Greig’s work has an equally complex relationship with optimism, as The Events knottily demonstrated last year. He has also worked in a number of different ways, with an output that ranges from shows created through devising processes to the libretto for the musical Charlie and the Chocolate Factory; from plays for children to epic, abstract, internationally focused pieces. In her chapter for the Methuen collection, Nadine Holdsworth describes him as “deeply invested in the possibilities of the collective imagination, pursuing ideas across different media as well as linguistic and stylistic boundaries”. He shares with Stephens an interest in travel as a narrative theme and an openness to different collaborations.
Similarly to Bolton, Holdsworth moves away from a familiar critical narrative about Greig’s work – in this case, his engagement with Scottish national identity – and chooses to focus on the “passionate internationalism” of his plays. Her analysis opens up a consideration of how Greig offers audiences different perspectives on the world, positing brief and delicate moments of communication across seemingly irreconcilable cultures. While this is not her primary concern, her study also reveals Greig’s willingness to experiment with structure and storytelling, clashing together different theatrical styles and techniques, and how through this process the playwright often questions his own authorial status in the creation of his plays.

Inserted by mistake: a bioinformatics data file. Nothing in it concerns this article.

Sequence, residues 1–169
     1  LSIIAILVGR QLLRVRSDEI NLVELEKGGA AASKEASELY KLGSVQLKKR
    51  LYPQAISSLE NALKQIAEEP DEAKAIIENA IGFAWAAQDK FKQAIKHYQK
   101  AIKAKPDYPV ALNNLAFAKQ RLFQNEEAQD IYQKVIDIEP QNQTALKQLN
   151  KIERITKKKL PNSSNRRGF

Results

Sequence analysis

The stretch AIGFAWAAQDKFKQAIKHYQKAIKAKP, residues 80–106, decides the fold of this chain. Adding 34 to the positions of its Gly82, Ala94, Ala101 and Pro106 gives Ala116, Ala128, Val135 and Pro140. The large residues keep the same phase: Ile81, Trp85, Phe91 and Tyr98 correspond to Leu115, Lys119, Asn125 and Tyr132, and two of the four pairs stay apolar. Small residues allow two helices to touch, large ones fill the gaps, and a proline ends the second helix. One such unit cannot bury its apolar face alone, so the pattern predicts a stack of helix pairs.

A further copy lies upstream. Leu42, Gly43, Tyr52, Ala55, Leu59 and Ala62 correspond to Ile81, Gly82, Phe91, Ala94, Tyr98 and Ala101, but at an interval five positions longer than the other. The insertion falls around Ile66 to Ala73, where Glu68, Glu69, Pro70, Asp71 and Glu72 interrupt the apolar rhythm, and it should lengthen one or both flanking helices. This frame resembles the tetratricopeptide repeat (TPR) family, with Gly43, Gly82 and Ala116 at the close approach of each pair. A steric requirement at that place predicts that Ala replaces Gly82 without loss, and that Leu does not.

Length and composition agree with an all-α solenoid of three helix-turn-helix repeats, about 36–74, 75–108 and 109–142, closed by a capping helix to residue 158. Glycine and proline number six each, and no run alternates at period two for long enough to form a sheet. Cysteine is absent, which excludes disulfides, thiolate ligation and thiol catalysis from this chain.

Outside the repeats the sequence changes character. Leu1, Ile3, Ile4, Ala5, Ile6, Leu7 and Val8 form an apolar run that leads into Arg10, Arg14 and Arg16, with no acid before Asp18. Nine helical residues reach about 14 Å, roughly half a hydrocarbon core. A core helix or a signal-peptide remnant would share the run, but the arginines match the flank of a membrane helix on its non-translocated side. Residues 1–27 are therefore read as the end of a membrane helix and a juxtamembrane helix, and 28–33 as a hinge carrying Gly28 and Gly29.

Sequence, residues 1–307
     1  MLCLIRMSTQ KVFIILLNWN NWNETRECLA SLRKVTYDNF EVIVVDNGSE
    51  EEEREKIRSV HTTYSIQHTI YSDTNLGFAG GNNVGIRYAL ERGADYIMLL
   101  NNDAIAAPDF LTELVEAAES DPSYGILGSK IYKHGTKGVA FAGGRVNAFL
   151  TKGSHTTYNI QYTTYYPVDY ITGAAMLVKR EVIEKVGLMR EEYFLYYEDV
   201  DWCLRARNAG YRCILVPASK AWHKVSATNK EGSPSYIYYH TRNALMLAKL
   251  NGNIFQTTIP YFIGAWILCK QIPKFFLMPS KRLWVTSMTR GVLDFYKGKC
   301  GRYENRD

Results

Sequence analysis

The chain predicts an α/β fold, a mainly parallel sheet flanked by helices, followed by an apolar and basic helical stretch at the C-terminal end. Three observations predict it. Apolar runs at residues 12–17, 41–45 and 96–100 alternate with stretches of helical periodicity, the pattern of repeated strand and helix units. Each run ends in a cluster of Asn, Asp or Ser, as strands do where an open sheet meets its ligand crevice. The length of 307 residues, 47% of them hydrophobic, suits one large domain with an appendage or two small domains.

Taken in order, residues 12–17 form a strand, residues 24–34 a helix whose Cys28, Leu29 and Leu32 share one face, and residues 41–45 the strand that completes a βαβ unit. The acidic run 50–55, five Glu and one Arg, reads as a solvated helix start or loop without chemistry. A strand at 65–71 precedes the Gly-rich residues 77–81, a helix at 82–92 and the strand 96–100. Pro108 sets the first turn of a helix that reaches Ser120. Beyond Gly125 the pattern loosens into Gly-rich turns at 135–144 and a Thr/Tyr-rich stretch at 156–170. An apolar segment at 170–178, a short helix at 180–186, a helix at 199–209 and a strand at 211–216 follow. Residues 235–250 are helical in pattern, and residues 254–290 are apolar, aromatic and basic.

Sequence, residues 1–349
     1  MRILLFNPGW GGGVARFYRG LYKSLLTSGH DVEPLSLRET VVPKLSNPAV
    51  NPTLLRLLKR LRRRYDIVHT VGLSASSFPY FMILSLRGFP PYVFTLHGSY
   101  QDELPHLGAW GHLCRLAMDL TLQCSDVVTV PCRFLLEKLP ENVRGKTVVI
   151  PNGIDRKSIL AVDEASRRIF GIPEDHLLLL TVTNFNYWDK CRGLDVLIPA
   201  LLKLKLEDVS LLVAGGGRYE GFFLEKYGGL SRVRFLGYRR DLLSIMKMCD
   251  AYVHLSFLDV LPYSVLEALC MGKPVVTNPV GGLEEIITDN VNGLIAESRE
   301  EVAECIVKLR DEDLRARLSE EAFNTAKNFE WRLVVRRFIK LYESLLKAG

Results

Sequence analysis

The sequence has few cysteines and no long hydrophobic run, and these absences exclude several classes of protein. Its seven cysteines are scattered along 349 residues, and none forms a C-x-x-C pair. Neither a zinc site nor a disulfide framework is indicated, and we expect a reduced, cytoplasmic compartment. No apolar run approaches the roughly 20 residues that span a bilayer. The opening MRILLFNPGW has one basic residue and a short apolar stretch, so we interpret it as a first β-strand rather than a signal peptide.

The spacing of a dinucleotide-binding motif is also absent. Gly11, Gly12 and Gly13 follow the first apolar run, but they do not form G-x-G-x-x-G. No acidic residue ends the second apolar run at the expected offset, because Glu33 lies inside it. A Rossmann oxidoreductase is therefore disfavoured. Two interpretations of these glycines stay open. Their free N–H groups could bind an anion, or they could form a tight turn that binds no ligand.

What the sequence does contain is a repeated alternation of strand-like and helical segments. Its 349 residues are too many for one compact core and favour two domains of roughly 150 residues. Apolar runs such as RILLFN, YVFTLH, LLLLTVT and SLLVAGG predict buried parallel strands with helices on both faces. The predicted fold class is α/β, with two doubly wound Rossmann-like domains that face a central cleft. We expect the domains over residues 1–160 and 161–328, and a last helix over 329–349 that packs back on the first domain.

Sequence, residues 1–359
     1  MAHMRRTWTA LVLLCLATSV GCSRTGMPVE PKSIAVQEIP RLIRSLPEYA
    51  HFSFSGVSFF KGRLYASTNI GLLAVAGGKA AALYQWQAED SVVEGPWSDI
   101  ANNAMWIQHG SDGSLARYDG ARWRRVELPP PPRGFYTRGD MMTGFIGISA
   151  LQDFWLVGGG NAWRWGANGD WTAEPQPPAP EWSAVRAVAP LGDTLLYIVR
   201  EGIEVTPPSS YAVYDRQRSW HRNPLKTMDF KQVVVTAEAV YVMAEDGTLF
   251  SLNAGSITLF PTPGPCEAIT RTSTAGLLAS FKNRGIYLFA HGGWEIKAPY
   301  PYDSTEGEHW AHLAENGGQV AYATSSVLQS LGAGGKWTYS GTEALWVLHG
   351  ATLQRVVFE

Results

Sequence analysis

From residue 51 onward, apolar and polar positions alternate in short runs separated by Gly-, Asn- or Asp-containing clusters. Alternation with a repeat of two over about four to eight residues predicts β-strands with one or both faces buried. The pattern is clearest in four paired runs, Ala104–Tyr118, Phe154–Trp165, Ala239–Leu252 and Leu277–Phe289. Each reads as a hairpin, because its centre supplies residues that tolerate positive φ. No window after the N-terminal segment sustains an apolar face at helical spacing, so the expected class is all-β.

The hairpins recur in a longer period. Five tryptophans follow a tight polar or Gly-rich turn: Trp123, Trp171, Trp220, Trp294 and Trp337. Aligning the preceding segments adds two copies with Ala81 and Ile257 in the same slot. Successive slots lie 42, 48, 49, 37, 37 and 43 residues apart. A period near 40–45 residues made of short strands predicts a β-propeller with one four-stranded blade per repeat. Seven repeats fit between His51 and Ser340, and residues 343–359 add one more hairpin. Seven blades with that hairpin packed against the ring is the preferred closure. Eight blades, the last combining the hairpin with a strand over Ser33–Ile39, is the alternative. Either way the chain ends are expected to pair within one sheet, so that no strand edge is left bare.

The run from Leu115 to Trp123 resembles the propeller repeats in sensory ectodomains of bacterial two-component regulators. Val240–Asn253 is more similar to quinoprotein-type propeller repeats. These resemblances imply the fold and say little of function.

Some of these ideas, which I have only briefly sketched out above, will be discussed further at two upcoming symposia in Lincoln and Brighton, addressing the work of Greig and Stephens respectively. The University of Lincoln’s David Greig symposium at the end of this month will feature papers examining a wide range of different aspects of Greig’s work, including the role of dissonance, empathy and conflict in his plays, the way in which he deals with questions of place and nationality, his engagement with Scottish identity and the independence debate, and the historical dimension of his work.
At a separate symposium at the University of Sussex in April, meanwhile, scholars will be engaging with Stephens’ plays and in particular his dialogue with Europe. I’m looking forward to making a contribution of my own to this conversation, with a paper exploring how Stephens’ work in Germany has shifted his perspective on British theatremaking processes and the implications this might have for our own theatre culture. As Stephens has suggested, “when we travel abroad we see our home with a clarity that we may never have been offered before”, offering him an intriguingly distanced view of British theatre.
It feels important that events such as these carry on the conversation, provoking the sort of new insights into these playwrights’ work that they both habitually seek. The best we can hope for is, to return to Haydon’s words, “a progressive spirit of inquiry”.
The University of Lincoln’s one day symposium on the work of David Greig is being held on 29th March. Registration is now open here.
The University of Sussex’s symposium on Simon Stephens’ connection with Europe will take place on 30th April 2014.